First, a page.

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I have a doubt on Jacobian matrices. Consider the non linear transformation

$$ \left[ \begin{array}{c} x\\ y\\ z \end{array}\right] = \mathbf{G}\left( \left[ \begin{array}{c} \hat{x}\\ \hat{y}\\ \hat{z} \end{array}\right] \right) = \left[ \begin{array}{c} \hat{x}g(\hat{z})\\ \hat{y}g(\hat{z})\\ \hat{z} \end{array}\right] $$ whose Jacobian reads

$$ \text{J} = \left[ \begin{array}{ccc} g & 0 & \hat{x}g'\\ 0 & g & \hat{y}g'\\ 0 & 0 & 1 \end{array} \right] $$

If I invert this matrix I get

$$ \text{J}^{-1} = \left[ \begin{array}{ccc} 1/g & 0 & -\hat{x}g'/g\\ 0 & 1/g & -\hat{y}g'/g\\ 0 & 0 & 1 \end{array} \right] $$ which I thought should be the same as the Jacobian of the inverse transformation. However, solving for $\hat{x}, \hat{y}, \hat{z}$ in the definition of the transformation, I get

$$ \left[ \begin{array}{c} \hat{x}\\ \hat{y}\\ \hat{z} \end{array}\right] = \mathbf{G}^{-1}\left( \left[ \begin{array}{c} x\\ y\\ z \end{array}\right] \right) = \left[ \begin{array}{c} x/g(z)\\ y/g(z)\\ z \end{array}\right] $$ whose Jacobian now reads

$$ \text{J}^{-1} = \left[ \begin{array}{ccc} 1/g & 0 & -\hat{x}g'/g^2\\ 0 & 1/g & -\hat{y}g'/g^2\\ 0 & 0 & 1 \end{array} \right] $$ which is slightly different. My question is: which one is the correct Jacobian for the inverse? Weren't they supposed to be the same? If so, where's my mistake?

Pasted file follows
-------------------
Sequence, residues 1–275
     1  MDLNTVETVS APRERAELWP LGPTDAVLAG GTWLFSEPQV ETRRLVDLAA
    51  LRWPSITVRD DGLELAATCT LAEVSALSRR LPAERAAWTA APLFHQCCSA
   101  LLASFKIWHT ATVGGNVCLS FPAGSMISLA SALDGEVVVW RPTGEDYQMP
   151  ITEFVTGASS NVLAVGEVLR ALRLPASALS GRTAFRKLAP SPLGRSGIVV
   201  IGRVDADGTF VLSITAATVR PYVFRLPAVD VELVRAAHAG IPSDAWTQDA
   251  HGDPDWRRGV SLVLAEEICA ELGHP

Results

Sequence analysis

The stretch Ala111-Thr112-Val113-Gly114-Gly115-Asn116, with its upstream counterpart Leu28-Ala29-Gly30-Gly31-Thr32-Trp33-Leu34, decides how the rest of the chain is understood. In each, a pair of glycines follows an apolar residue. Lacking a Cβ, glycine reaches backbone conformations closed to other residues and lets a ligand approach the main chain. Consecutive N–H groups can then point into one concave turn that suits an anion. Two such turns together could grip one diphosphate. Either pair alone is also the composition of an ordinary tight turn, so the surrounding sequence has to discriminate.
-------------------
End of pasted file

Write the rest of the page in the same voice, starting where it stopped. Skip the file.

Thank you in advance!

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There's a typo in your formula for $G^{-1}$. – Stephen Jul 14 '12 at 13:49
Thanks, I fixed it. – bartgol Jul 14 '12 at 13:51

1 Answer 1

up vote 2 down vote accepted

$G$ maps a point $p$ to $G(p)$. The Jacobian maps a tangent vector at $p$ to one at $G(p)$. The inverse is the Jacobian for $G^{-1}$ at $G(p)$. So, in the second formula you should substitute $x g(z)$ for $x$, $yg(z)$ for $y$, and $z$ for $z$ to recover the first. All consistent (modulo the typo I mentioned in the comment), well done!

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That's the point, you're right. Thanks! – bartgol Jul 14 '12 at 14:06

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